Jamie Crewe, Ashley at Campbeltown Picture House

Thu 28 Oct 2021 / 5pm

Campbeltown Picture House, 26 Hall Street, Campbeltown, PA28 6BU
Free, booking via Campbeltown Picture House
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We are delighted to present Jamie Crewe’s Margaret Tait Award commission Ashley (2020) at Campbeltown Picture House, the final screening of a year-long tour.

Dragging a wheelie case behind them, Ashley arrives at an isolated beachside cottage. They hope that this weekend in the countryside might be the change they need: a change from depression, from heartbreak, from the pain of a shifting identity. As the weekend unfolds, however, their hope wavers: things go wrong in their body, or perhaps in their mind — or perhaps there really is something, outside, developing an appetite for them…

Ashley is a semi-autobiographical rural horror film filmed on the West Coast of Scotland. Its only character is played onscreen by the artist, and voiced in narration by the poet and performance maker Travis Alabanza. Drawing on the conventions of the rural horror genre (seen in television series such as the BBC’s West Country Tales, 1982–83) and of Margaret Tait’s work in the Scottish landscape tradition, the film takes an experience of modern femininity and mines it for terror. In doing so, it animates the fears, stresses, and vivid transformations of a certain kind of trans life.


Jamie Crewe was the recipient of the Margaret Tait Award 2019, Scotland’s most prestigious moving image prize for artists. Inspired by the pioneering Orcadian filmmaker and poet Margaret Tait (1918–99), the award recognises experimental and innovative artists working with the moving image, offering a unique avenue of commissioning and production support and providing a high-profile platform to exhibit newly commissioned work. Established in 2010, the Margaret Tait Award is a LUX Scotland commission delivered in partnership with Glasgow Film, with support from Screen Scotland.


Programme:

The screening will be introduced by Jamie Crewe.

Ashley, 2020, 45 minutes


Access:

The film will be screened with captions.

For information on accessibility at Campbeltown Picture House, please see their website: https://www.campbeltownpicturehouse.co.uk/about/ (scroll down to view access information)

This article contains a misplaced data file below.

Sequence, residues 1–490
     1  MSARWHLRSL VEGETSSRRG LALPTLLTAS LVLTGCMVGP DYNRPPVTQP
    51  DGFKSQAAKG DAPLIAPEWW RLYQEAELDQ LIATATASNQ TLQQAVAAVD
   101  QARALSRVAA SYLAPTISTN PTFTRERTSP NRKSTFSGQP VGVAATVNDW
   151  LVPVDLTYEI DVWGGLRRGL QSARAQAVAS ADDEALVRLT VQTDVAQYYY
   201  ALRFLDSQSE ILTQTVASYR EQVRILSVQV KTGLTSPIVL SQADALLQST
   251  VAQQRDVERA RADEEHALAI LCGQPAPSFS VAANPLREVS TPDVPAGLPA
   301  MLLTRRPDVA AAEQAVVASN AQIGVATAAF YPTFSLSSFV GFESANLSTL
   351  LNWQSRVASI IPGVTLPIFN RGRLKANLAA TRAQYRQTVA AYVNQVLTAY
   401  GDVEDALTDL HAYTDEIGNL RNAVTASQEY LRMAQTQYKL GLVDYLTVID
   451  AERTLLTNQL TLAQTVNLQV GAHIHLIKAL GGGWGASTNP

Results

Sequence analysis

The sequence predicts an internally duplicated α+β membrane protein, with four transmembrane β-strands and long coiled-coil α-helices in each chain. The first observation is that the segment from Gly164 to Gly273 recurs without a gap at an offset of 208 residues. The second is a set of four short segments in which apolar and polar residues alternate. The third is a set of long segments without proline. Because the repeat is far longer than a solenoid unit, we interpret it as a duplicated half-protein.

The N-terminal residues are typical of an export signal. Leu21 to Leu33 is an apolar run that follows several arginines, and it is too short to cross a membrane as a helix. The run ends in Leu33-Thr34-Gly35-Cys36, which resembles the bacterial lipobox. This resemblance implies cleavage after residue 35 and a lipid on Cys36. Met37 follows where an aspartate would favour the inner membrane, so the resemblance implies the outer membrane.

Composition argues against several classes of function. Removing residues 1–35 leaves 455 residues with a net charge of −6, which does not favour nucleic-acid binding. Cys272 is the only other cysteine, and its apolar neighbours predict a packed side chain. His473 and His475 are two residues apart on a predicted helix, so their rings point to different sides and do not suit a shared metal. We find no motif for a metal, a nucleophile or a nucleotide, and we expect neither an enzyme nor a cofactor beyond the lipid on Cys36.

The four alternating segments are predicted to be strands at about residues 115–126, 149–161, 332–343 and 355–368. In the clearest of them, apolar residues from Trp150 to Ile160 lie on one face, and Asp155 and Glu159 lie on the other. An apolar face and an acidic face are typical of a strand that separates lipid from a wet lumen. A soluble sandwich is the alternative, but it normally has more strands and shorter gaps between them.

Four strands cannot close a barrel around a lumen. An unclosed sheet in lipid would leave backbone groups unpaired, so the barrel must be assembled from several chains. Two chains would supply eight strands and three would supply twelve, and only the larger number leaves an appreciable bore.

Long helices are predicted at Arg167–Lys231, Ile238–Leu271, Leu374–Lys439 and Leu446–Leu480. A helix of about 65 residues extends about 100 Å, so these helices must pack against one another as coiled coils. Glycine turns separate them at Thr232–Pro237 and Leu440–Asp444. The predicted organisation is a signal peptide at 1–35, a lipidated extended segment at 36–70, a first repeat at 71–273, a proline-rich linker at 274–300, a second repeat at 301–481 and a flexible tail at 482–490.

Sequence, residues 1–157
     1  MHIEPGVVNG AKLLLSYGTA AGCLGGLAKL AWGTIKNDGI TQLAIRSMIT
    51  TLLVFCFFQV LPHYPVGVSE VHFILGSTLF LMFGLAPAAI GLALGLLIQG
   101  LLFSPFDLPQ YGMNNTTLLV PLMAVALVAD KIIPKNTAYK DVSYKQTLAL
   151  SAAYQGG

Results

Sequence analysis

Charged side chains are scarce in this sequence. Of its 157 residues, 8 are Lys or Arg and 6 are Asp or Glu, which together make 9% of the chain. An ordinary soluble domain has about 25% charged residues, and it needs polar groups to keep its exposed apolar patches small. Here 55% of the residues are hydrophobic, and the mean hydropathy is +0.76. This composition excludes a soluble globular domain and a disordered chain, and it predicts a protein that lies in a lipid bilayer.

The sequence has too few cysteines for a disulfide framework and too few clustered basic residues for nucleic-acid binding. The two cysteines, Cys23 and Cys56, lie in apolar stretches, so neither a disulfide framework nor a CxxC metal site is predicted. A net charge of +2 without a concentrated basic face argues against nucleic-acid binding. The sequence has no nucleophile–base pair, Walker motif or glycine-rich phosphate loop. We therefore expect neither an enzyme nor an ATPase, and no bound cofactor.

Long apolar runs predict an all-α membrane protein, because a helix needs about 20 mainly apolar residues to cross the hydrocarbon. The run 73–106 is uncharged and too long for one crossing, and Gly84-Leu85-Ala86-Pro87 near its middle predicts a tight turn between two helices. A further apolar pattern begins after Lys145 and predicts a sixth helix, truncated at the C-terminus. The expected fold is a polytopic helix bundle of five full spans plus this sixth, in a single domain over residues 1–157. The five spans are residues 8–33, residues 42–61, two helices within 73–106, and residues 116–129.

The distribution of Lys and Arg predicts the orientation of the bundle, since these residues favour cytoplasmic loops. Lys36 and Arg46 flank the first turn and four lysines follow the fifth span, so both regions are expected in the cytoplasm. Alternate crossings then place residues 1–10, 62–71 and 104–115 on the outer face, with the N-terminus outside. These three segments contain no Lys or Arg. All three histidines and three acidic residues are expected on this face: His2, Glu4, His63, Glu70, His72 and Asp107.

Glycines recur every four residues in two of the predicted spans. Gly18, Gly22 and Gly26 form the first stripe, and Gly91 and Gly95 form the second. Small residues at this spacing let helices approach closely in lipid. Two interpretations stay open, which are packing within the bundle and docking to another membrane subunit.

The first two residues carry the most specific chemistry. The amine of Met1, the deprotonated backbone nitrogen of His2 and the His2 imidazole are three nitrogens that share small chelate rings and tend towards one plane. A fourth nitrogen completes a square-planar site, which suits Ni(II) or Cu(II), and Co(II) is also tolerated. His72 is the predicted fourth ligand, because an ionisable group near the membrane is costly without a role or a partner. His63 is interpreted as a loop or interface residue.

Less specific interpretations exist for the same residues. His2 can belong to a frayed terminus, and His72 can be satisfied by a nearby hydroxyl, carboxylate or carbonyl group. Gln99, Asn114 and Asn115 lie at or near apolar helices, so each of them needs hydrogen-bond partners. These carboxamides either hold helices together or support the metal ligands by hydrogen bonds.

Content notes: Certificate 15. Contains sexually explicit language and depictions of blood.


Image description: a close up of a colour video still depicts a white person’s face cast in an orange-red glow, their eyes look off camera to the left of the image and we can see the reflection of a light in their eyes. The image is closely cropped on their face, framing their eyebrows, eyes, nose, and cheekbones. They wear a silver nose ring.

Jamie Crewe, Ashley, 2020. Courtesy of the artist.

About the artist

Jamie Crewe

Jamie Crewe is a beautiful bronze figure with a polished cocotte’s head. They grew up in the Peak District and are now settled in Glasgow.

They have presented several solo exhibitions: Solidarity & Love, Humber Street Gallery, Hull (2020); Love & Solidarity, Grand Union, Birmingham (2020); Pastoral Drama, Tramway, Glasgow (2018); Female Executioner, Gasworks, London (2017); and But what was most awful was a girl who was singing, Transmission, Glasgow (2016). Their work has also been presented as part of I, I, I, I, I, I, I Kathy Acker at the Institute of Contemporary Arts, London (2019); as part of the KW Production Series at Julia Stoschek Collection, Berlin (2018); as part of the Glasgow International 2018 Director’s Programme in the group show Cellular World at GoMA, Glasgow; and as part of the Artists’ Moving Image Festival 2016 at Tramway, Glasgow.

In 2020 they were awarded one of ten Turner Bursaries on the basis of their sister exhibitions at Humber Street Gallery, Hull, and Grand Union, Birmingham. In 2021/22 they will be part of British Art Show 9, which will tour Wolverhampton, Plymouth, Aberdeen, and Manchester.